5. Jim notices his minimum payment is only $25. Score!
  6. Jim thinks the bank is his new best friend because they “gave him $75 for free.”
  7. Jim only pays the bank $25 before June 1st, even though he actually owes them $100, because the bank told him that’s all he had to pay. His real friends become concerned because that makes no sense.
  8. The bank high fives itself and throws glitter everywhere to hopefully trick other people into giving them money when they don’t have to.
  9. Jim invites the bank to parties and keeps giving them extra money for years while he goes hungry because he can no longer afford more groceries.
  10. You, the reader, realize this scenario is ridiculous, and wish Jim would have just paid the bank what he owed them by his due date. It would have saved us this nonsense!

Ok, Ok, So Now What?

It is illogical to carry a credit card balance. But what do we do about it if we have some from before reading this? Pay it off as quickly as possible! Every dollar you spend should be weighed against paying off your debt. How much do you want whatever you’re about to buy? It doesn’t matter if it’s a fast food meal, or happy hour drink, or a new pair of shoes, or even a grocery store bought treat. Do you want it more than a credit card debt free life? You should weigh all of your spending against what you owe because whatever you spend could be used to lower your debt to the bank. Your first financial priority should be paying off this debt. Don’t be one of the people that make excuses or say they will “get to it.” That attitude will get you absolutely nowhere.

Whenever it seems hard, just imagine life without constant bills or always owing someone money. Sounds pretty nice, doesn’t it? Remember how nice that sounds whenever it doesn’t seem worth it to pay off your credit card debt as quickly as possible. You are making the hard decisions now in order to live the life you want later. Trust us, it’s worth it!

If you do have some credit card debt you should calculate what you will end up paying the bank for what you owe. You can do that thanks to some helpful calculators online. Several exist and you can do a search for your favorite, or you could click here and be taken to one right away since you’re eager to get going on paying off your debt!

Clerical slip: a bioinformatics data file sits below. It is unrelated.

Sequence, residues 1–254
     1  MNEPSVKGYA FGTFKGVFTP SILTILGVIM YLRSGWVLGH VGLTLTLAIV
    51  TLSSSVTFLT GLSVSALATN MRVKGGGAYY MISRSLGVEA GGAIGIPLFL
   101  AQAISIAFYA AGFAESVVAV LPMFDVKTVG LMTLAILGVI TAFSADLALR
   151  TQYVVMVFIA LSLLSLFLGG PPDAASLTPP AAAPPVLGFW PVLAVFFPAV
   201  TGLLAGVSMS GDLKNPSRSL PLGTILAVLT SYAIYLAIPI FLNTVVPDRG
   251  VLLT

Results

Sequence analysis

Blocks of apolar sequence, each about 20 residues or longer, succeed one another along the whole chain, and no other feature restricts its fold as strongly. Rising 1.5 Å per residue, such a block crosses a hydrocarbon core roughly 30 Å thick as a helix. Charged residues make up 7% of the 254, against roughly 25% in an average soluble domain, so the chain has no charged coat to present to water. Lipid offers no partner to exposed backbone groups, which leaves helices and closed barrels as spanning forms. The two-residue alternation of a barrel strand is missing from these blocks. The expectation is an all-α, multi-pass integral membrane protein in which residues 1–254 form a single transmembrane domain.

You Also Should Know…

If you don’t pay off your full balance by the date it is due, the bank begins to charge you interest on your purchases. Credit card interest rates are generally high with the average being more than 13%. This means you end up paying a lot more than what you actually spent. (If you do only pay your minimum payment you avoid late fees, so you still should absolutely pay your minimums at the very least. But this should be avoided if you know you can’t pay your full balance in time by not buying whatever you are thinking of buying when you can’t afford it!)

A good thing is that in 2009 Congress passed a law that in part requires banks to be more open about what happens when you only pay the minimum payment. Now you get a minimum payment warning on your statements. This warning tells you what you end up paying if you only pay the minimum amount due. Occasionally it offers a “cost savings” tip if you were to pay more than the minimum amount due but less than the total balance. Remember, if you pay anything less than the total balance, you will pay interest.